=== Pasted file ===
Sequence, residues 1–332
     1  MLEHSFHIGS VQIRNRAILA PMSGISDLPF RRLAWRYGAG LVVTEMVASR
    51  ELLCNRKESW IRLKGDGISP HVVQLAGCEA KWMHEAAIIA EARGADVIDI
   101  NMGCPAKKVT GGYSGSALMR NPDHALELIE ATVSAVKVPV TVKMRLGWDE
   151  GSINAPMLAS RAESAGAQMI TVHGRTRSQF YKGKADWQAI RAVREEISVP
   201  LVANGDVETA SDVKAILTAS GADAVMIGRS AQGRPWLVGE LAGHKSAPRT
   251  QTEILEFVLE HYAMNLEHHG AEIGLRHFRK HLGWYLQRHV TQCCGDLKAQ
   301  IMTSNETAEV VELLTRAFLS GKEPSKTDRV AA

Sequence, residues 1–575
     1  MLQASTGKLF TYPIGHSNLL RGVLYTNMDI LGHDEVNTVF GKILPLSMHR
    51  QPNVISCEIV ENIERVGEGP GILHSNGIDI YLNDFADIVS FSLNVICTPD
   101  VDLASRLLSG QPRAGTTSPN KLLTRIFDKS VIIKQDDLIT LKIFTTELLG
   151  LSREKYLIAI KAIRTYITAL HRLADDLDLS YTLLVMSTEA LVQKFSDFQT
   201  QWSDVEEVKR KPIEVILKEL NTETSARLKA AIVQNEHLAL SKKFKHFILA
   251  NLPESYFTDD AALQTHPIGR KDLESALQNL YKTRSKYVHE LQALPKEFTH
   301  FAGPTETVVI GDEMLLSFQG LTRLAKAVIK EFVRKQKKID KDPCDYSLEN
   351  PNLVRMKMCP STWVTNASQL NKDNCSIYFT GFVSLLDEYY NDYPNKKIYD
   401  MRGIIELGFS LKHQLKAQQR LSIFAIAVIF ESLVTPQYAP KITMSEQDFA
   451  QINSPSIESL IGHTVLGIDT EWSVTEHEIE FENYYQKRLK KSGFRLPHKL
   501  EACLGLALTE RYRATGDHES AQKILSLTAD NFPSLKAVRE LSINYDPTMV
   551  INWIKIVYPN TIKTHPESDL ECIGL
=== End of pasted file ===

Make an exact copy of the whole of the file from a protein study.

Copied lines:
Sequence, residues 1–332
     1  MLEHSFHIGS VQIRNRAILA PMSGISDLPF RRLAWRYGAG LVVTEMVASR
    51  ELLCNRKESW IRLKGDGISP HVVQLAGCEA KWMHEAAIIA EARGADVIDI
   101  NMGCPAKKVT GGYSGSALMR NPDHALELIE ATVSAVKVPV TVKMRLGWDE
   151  GSINAPMLAS RAESAGAQMI TVHGRTRSQF YKGKADWQAI RAVREEISVP
   201  LVANGDVETA SDVKAILTAS GADAVMIGRS AQGRPWLVGE LAGHKSAPRT
   251  QTEILEFVLE HYAMNLEHHG AEIGLRHFRK HLGWYLQRHV TQCCGDLKAQ
   301  IMTSNETAEV VELLTRAFLS GKEPSKTDRV AA

Sequence, residues 1–575
     1  MLQASTGKLF TYPIGHSNLL RGVLYTNMDI LGHDEVNTVF GKILPLSMHR
    51  QPNVISCEIV ENIERVGEGP GILHSNGIDI YLNDFADIVS FSLNVICTPD
   101  VDLASRLLSG QPRAGTTSPN KLLTRIFDKS VIIKQDDLIT LKIFTTELLG
   151  LSREKYLIAI KAIRTYITAL HRLADDLDLS YTLLVMSTEA LVQKFSDFQT
   201  QWSDVEEVKR KPIEVILKEL NTETSARLKA AIVQNEHLAL SKKFKHFILA
   251  NLPESYFTDD AALQTHPIGR KDLESALQNL YKTRSKYVHE LQALPKEFTH
   301  FAGPTETVVI GDEMLLSFQG LTRLAKAVIK EFVRKQKKID KDPCDYSLEN
   351  PNLVRMKMCP STWVTNASQL NKDNCSIYFT GFVSLLDEYY NDYPNKKIYD
   401  MRGIIELGFS LKHQLKAQQR LSIFAIAVIF ESLVTPQYAP KITMSEQDFA
   451  QINSPSIESL IGHTVLGIDT EWSVTEHEIE FENYYQKRLK KSGFRLPHKL
   501  EACLGLALTE RYRATGDHES AQKILSLTAD NFPSLKAVRE LSINYDPTMV
   551  INWIKIVYPN TIKTHPESDL ECIGL